Patrick Lin, a technology law researcher and the author of “Machine See, Machine Do,” described it as such.

“It’s on the right track, but lacks legal force,” explained Manasi Vartak, founder and CEO of the operational AI company Verta, in a conversation with Built In. “I see it as an initial step towards legislation. Now that we’ve identified the principles we need to safeguard, we can start crafting a law based on these principles.”

This Blueprint bill received a mixed response from media, industry professionals, and academic circles. Some proponents of governmental oversight feel it falls short, doubting its effectiveness.

They hoped for a document with more robust checks and balances, akin to the EU AI Act. Additionally, publications like The Wall Street Journal pointed out concerns among tech executives who worry that regulation might hinder AI innovation.

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How the Artificial Intelligence Bill of Rights Affects Us

Conversely, there’s significant support for avoiding immediate regulation to nurture beneficial AI innovation and competition. Policy experts have emphasized the potential benefits of the document, particularly for groups such as Black and Latino Americans.

As mentioned in the MIT Technology Review by the leader of the nonprofit Center for AI and Digital Policy, the AI Bill of Rights is seen as an essential starting point and an “impressive” one at that.

AI accountability?

The World Economic Forum has been proactive in helping businesses, governments, and the public navigate the responsible use of AI in areas like Human Resources and Law Enforcement. Last year, the Forum launched a practical toolkit aimed at guiding the ethical use of AI in human resources.

Furthermore, a framework they developed provides essential advice on using facial recognition in law enforcement.

Although the Blueprint is advisory in nature, the White House has indicated that various federal agencies will introduce actions and guidelines related to AI use, including new procurement policies.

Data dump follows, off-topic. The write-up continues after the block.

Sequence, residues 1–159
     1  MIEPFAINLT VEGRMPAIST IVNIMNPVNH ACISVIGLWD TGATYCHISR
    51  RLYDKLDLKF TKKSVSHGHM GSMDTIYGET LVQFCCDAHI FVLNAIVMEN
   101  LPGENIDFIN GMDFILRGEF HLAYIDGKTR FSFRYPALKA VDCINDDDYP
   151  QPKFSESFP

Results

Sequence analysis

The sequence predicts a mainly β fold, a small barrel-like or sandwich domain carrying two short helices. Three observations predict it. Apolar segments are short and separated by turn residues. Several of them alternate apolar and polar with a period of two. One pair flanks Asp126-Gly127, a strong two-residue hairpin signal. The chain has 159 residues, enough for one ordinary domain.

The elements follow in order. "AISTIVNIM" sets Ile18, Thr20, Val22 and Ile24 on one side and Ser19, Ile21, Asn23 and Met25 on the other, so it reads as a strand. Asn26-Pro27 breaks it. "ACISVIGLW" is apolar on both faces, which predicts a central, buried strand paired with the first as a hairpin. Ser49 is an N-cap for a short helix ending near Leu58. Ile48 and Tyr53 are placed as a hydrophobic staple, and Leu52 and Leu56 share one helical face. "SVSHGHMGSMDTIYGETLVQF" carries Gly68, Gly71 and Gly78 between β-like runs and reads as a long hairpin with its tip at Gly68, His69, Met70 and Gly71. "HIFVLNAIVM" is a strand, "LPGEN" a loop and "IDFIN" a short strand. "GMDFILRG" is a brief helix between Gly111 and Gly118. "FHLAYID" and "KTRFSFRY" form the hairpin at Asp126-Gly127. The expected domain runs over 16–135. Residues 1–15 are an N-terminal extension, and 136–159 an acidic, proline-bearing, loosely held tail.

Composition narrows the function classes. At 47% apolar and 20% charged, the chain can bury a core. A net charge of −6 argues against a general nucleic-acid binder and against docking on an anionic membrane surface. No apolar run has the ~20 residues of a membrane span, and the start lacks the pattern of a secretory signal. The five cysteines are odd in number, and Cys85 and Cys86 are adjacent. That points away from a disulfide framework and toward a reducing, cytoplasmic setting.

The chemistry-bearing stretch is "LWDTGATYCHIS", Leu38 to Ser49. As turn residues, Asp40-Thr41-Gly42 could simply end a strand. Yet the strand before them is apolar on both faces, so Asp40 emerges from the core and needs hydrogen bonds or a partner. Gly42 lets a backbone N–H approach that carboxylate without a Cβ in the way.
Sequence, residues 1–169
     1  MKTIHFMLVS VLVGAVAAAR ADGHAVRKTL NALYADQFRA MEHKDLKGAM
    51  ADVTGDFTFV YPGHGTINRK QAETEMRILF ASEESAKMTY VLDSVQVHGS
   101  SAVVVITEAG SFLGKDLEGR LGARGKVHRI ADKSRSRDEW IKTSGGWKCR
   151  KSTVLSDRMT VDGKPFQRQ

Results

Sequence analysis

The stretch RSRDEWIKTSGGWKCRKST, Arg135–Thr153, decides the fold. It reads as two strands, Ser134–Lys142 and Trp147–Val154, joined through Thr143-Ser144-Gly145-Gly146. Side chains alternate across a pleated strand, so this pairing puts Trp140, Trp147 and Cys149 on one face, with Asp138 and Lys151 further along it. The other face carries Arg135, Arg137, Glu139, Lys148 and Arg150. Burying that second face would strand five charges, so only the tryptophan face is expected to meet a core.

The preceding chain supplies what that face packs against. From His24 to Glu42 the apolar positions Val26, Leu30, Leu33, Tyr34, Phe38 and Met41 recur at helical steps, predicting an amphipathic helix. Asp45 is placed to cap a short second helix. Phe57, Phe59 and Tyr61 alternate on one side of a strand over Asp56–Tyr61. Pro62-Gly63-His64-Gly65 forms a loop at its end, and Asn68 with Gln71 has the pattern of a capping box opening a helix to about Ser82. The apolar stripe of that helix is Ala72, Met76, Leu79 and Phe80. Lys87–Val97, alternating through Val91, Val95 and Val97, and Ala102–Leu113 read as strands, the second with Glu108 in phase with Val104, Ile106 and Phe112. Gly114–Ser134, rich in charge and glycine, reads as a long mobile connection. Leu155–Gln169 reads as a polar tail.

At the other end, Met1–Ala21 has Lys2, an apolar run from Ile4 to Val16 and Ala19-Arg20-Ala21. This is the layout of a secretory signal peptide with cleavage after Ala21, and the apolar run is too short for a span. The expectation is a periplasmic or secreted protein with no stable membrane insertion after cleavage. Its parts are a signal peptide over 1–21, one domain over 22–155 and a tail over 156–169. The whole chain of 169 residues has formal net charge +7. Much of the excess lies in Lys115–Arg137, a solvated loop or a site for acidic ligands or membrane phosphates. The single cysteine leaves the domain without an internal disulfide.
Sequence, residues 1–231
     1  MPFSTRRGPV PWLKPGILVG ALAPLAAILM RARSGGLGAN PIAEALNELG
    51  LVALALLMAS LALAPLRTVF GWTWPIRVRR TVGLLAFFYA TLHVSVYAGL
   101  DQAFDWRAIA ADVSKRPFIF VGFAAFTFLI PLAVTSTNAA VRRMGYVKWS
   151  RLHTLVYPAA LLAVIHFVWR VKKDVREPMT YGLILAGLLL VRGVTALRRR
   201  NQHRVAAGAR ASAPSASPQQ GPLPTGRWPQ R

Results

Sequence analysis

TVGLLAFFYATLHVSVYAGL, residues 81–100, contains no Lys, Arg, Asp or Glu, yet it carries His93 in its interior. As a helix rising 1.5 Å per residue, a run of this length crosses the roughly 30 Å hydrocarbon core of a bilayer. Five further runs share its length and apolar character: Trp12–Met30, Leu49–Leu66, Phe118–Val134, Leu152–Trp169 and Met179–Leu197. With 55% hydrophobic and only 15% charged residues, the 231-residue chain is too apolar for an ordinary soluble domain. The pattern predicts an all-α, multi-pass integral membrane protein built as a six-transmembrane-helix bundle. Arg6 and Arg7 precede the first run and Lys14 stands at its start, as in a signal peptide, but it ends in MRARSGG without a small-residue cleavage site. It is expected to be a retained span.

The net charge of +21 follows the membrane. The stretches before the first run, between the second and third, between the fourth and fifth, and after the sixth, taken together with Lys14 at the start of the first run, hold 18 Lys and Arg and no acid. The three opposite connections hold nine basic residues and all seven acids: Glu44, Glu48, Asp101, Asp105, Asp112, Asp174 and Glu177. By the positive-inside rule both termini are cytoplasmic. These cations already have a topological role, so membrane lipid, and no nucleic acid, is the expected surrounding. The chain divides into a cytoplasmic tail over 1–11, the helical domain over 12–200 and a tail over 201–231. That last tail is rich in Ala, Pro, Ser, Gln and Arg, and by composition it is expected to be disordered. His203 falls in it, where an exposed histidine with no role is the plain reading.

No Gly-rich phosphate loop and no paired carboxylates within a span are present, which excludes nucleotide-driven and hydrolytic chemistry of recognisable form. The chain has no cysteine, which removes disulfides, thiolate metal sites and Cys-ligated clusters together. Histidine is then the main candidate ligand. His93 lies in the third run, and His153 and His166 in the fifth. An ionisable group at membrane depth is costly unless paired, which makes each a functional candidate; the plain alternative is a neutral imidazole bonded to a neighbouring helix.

The extent of these agencies’ involvement with the Blueprint varies, and it’s still uncertain how these new guidelines will integrate with or enhance existing AI directives (such as Executive Order 13960 on Promoting Trustworthy AI in the Federal Government or the National Institute of Standards and Technology’s AI Risk Management Framework) and statements from entities like the FTC, EEOC, CFPB, and HHS.

Nevertheless, the “Blueprint for an AI Bill of Rights” might reinforce existing standards and laws, adding normative weight to other proposed legal frameworks like the revised Algorithmic Accountability Act, reintroduced in the Senate in 2022. 

These legal frameworks could give more force to the AI Bill of Rights and potentially lead to a closer alignment of regulatory best practices between the US and the EU’s forthcoming AI Act.

In the broader context of international AI governance and best practices, the AI Bill of Rights is a significant step. However, it must be viewed alongside other upcoming initiatives in the US and abroad. The EU and China are advancing their regulatory regimes, which will influence global best practices.

To maintain its influence over international AI standards and protect its citizens’ interests and beneficial innovation, the US must continue to develop and implement effective policies and practices. These efforts are likely to impact the evolving global best practices in AI governance.

Existing Artificial Intelligence Laws, Legislation & Regulations

How the Artificial Intelligence Bill of Rights Affects Us
Current AI Legal Frameworks and Regulations / Harold Mendoza